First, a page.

Urging a natural enmity

April 4, 1997

Biological pest control is backing the farmers' struggle against those age-old adversaries, mites, locusts and mealybugs. Tunde Fatunde reports

One of the world's leading centres for biological control in agriculture is based in a quiet suburb of Cotonou, capital of West Africa's Republic of Benin. The plant health management division of the International Institute of Tropical Agriculture was set up in 1988 to develop biologically safe ways to eradicate crop pests that threaten sub-Saharan tropical and sub-tropical agriculture.

Its founders, all professional scientists, knew that the success of their goals would be determined by the level of collaboration with university-based scientists and researchers in several continents.

"The biological control programme is a multi-disciplinary, multi-national and multi-continental undertaking, commensurate with the size of the pest problem," said Hans Harren, the institute's first programme director.

For a long time, the widespread and intensive use of pesticides was seen as the most efficient control method for pests which damage crops such as cassava, cowpea, and maize. But insects and other species developed resistance to the pesticides, and the failure of toxic chemical agents and the danger they posed to the environment, led to IITA's introduction of an integrated pest management strategy. Aiming to increase food production and ensure sustained food conservation, the institute strengthened its collaborative research with university-based scientists.

IITA outlined three basic strategic and integrated programmes for pest control.

* the introduction and establishment of pests' natural enemies

* the use of pest-resistant and pest-free varieties of crops

* the modification of the environment of the pest to increase the effectiveness of biological control.

The institute has concentrated on cassava, cowpea, maize and the biological control of locusts and grasshoppers. More than 200 million people in Africa depend on cassava as their major source of carbohydrate, and this plant's leaves, which are eaten as a green vegetable, are a good source of protein. The continuous destruction, particularly of cassava, by pests led a number of countries to seek help from IITA. Two exotic pests from South America, cassava mealybug and cassava green mite, were discovered in Uganda and in Zaire and had spread to West Africa with disastrous effects.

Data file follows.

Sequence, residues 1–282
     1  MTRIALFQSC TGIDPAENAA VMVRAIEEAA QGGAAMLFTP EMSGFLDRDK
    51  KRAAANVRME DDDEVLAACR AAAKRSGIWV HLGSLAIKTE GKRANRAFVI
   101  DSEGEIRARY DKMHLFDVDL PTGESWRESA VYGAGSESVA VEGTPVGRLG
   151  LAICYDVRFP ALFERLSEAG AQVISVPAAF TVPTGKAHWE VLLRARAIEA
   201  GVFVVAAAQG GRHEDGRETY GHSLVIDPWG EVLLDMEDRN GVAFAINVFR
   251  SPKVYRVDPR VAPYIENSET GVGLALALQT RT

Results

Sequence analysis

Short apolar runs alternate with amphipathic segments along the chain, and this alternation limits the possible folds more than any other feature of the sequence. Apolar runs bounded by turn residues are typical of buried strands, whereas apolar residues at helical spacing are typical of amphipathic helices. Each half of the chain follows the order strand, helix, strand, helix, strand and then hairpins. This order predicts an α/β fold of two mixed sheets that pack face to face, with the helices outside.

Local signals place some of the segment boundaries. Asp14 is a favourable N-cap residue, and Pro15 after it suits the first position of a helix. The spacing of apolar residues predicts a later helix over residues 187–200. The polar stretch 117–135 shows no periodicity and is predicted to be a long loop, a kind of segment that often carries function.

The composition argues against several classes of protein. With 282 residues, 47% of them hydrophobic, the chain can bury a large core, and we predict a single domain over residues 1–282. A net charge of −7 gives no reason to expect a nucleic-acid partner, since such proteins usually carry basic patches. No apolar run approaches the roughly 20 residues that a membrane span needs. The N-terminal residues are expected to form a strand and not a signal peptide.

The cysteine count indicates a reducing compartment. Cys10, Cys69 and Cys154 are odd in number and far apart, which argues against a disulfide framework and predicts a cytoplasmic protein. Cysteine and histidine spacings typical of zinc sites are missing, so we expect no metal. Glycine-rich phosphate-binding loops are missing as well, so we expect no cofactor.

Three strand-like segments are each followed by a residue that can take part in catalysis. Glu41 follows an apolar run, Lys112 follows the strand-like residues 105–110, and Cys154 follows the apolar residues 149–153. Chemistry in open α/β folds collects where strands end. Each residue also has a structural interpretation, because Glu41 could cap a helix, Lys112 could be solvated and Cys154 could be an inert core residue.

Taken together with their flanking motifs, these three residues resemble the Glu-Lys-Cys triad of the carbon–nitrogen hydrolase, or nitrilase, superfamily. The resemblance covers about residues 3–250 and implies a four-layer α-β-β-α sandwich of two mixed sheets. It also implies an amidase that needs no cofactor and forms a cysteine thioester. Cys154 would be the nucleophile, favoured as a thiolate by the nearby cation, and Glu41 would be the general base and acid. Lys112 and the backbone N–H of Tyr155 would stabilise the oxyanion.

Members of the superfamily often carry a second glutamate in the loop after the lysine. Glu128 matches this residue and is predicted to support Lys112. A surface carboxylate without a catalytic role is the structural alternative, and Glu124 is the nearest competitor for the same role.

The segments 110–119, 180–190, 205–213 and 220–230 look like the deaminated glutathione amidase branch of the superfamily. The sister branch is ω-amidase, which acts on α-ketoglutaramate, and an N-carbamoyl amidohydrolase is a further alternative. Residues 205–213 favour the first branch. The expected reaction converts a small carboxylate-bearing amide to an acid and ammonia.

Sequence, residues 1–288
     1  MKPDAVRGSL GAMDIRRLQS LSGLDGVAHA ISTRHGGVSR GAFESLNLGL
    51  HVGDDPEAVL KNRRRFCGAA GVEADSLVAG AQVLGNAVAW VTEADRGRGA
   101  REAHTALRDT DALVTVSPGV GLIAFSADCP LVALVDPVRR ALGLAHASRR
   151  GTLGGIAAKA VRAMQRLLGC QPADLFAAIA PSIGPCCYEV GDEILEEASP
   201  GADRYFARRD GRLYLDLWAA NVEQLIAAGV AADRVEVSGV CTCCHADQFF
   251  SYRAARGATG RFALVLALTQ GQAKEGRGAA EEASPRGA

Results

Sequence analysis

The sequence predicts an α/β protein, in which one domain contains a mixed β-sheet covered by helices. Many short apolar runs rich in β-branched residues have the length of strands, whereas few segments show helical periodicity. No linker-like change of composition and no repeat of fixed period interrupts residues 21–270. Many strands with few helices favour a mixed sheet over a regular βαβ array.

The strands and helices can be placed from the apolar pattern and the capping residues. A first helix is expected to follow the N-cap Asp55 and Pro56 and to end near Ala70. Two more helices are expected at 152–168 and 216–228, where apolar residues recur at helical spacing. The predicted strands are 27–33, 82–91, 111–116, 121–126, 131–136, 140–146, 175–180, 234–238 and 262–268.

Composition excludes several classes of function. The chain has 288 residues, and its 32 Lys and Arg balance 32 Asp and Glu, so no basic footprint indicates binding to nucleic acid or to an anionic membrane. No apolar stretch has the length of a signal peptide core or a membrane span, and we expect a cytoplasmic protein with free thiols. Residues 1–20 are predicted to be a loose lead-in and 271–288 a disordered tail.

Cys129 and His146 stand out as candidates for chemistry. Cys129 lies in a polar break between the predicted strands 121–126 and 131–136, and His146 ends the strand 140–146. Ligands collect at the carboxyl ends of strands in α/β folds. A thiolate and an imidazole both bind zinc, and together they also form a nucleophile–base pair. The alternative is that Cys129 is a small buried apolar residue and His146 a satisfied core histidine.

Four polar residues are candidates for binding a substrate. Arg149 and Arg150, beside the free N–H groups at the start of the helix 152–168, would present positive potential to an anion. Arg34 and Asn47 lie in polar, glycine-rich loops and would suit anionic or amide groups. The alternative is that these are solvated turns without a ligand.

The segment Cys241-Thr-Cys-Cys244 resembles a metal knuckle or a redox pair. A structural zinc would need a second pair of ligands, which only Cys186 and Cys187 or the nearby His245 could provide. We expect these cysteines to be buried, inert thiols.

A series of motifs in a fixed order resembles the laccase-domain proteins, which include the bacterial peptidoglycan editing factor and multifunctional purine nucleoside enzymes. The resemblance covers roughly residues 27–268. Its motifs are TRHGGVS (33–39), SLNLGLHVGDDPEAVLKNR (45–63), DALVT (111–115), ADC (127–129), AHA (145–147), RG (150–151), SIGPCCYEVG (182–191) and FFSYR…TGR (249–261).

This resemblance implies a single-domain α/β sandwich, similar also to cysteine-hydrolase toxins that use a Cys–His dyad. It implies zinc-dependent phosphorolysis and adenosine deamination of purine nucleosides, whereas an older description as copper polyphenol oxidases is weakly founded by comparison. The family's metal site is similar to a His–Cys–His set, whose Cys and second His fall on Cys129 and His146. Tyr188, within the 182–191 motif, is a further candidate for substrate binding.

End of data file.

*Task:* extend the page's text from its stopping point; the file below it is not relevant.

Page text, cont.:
As pesticides proved ineffective in controlling these insects, biological control methods were introduced, and the institute set up the Ecologically Sustainable Cassava Plant Protection in Africa programme (ESCAPP). It is a far-reaching project - more than 500 scientists applied to the programme - and it has involved scientists and social scientists from various universities working in joint research, using multi-disciplinary approaches.

Researchers who worked with the IITA scientists were drawn from Imperial College, Wye College, Simon Fraser University in Vancouver, Laval University in Quebec, University of California, Berkeley, University of Sao Paulo, Brazil, the universities of Amsterdam and Leiden, Netherlands, the Federal Institute of Technology, Zurich, the University of Negev, Israel, the National University of Benin Republic, and Omar Bongo and Ibadan universities in Nigeria. The huge effort has largely succeeded. Sixty natural "enemy" species were identified as capable of neutralising the damaging effects of the two pest species. Fifteen of these species are being bred in the institute's central laboratory, for use on farms.

An independent study published in the American Journal of Agricultural Economics estimated the benefit to African farmers from the mealybug campaign to be about $3 billion, "Enough to cover IITA's operating budget for 150 years", says Dr L. D. Stifel, IITA's former director general.